Is Rothification Just an Accounting Gimmick?

Is Rothification Just an Accounting Gimmick?

The latest in buzzwords in the retirement industry is “Rothification,” or the conversion of all or part of defined contribution plans to Roth-like plans.

There’s talk of allowing plan participants to divide contributions between pre-tax and after-tax 401(k) plans, with the employer contribution continuing to be made pre-tax.  But is this a tax gimmick to boost short-term revenues for the government, or a real benefit to retirement investors? Whatever the case, there can be serious consequences.

There have been Roth 401(k)s since 2006, but they are less widely used. Many employers see the Roth option as a way to give plan participants tax diversification benefits. However, many avoid offering the option as they fear it may add confusion.

Average plan participants typically understand the concept of tax brackets and the implications of pre-tax versus after after-tax contributions and what will happen in terms of taxation when it comes time to make withdrawals.  But they may be less likely to have a full understanding of the concept of tax diversification and how owning both types of accounts can improve their income options in retirement.

Rothification may improve tax diversification, but experts are concerned that a shift to post-tax contributions could push down the savings rate and make many Americans less ready for retirement. Since savers have been inculcated with the benefits of pre-tax savings as the great selling point of the 401(k), many savers might view 401(k)s offering post-tax contributions as less attractive. Consequently, they could end up saving less.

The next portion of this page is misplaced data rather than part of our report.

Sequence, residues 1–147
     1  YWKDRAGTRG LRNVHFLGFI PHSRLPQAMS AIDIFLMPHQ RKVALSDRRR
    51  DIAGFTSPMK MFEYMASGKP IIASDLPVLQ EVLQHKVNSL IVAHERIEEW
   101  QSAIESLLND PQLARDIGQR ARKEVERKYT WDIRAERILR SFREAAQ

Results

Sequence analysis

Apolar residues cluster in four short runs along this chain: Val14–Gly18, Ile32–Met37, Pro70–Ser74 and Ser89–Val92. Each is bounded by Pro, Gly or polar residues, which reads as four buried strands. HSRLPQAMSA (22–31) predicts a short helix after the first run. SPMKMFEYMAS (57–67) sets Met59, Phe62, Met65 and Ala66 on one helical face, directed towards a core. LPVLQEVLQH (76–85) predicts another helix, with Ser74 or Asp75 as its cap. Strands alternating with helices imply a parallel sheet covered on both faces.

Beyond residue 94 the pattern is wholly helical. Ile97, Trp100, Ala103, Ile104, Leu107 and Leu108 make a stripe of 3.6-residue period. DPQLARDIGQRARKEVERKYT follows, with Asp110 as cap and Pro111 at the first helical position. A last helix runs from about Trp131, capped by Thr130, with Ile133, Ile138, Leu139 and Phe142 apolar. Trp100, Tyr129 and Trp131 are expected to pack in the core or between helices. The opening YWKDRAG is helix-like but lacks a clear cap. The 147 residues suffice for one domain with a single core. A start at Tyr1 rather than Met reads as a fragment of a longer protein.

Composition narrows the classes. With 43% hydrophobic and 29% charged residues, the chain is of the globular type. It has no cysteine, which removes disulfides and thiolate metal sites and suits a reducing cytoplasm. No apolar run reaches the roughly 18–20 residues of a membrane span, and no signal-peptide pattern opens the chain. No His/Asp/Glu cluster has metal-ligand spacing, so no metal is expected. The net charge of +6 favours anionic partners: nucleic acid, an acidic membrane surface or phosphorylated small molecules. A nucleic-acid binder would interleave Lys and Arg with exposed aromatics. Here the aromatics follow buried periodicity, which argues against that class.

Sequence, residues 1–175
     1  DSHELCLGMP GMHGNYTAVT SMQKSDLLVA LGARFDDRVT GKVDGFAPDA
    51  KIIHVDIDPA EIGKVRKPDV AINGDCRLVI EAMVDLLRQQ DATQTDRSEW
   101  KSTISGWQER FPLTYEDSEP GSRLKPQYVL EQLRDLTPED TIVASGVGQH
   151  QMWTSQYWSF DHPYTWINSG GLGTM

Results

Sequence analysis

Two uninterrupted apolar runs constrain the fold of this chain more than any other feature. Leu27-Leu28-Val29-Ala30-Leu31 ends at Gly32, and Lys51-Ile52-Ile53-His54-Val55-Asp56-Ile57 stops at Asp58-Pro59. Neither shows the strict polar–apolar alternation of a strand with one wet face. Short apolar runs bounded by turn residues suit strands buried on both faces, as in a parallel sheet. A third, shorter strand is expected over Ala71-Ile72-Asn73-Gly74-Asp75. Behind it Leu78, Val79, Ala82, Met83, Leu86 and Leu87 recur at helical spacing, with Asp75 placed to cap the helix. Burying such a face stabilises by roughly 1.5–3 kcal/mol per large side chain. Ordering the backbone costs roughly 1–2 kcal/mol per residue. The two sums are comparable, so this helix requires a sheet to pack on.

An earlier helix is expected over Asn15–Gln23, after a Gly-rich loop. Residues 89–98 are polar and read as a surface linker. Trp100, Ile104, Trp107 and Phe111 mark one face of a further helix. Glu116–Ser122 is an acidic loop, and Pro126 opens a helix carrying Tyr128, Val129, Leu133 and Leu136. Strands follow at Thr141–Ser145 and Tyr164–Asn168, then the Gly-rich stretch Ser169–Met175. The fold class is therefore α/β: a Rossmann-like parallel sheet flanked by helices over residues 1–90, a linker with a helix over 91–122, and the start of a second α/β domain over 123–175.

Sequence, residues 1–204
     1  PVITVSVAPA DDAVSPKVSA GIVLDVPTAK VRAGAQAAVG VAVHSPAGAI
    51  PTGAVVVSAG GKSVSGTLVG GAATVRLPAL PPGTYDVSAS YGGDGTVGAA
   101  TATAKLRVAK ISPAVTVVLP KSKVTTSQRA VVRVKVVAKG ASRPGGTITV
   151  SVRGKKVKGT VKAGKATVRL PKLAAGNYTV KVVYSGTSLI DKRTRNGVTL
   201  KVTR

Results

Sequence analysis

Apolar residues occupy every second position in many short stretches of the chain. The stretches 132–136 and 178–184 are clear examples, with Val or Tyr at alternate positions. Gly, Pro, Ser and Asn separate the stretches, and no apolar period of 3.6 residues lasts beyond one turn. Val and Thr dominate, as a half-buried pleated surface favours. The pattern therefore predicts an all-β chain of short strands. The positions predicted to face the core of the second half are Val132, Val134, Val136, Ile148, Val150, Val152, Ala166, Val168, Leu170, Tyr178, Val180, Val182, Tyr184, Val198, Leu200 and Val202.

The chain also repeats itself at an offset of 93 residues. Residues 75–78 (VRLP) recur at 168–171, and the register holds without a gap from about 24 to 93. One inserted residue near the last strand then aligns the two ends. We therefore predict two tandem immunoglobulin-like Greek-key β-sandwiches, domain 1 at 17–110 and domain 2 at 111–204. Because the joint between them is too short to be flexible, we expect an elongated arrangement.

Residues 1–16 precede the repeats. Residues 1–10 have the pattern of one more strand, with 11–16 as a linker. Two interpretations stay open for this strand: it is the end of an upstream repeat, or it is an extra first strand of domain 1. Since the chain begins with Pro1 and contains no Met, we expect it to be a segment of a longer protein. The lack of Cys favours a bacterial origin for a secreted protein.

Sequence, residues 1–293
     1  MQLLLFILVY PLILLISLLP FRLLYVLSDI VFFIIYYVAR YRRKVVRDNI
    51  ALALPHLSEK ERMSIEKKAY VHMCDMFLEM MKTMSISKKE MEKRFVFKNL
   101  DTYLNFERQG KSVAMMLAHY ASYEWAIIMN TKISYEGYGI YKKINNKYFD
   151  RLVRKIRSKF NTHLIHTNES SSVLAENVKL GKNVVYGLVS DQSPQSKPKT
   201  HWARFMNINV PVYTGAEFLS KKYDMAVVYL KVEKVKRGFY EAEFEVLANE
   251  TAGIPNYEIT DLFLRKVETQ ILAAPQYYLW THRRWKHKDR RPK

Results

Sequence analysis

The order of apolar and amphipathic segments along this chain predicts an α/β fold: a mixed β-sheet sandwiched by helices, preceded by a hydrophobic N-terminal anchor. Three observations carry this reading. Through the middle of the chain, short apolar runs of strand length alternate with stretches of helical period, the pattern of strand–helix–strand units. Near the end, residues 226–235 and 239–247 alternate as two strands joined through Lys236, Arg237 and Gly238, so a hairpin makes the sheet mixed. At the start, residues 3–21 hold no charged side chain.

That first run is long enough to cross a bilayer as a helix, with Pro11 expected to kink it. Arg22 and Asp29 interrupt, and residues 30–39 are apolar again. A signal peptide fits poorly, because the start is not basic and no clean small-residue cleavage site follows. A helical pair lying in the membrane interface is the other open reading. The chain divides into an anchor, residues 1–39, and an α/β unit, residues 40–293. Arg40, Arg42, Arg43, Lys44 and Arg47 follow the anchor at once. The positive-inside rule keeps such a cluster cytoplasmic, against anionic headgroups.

Analyses comparing forecasted value of traditional and Roth accounts at retirement typically assume that savers contribute less to Roth plans. However, a  2015 study found no evidence that this is the case. John Beshears, assistant professor in the Negotiation, Organizations & Markets Unit at Harvard Business School and one of the authors of the study, noted that savers often follow two rules of thumb, “contribute to earn the full employee match and save some target percentage, say, 10 percent, of your income.”  Since savers are committed to these rules, their behavior is not likely to change under any scenario.

For more information, please read:
Gauging Rothification’s Impact | Wealth Management

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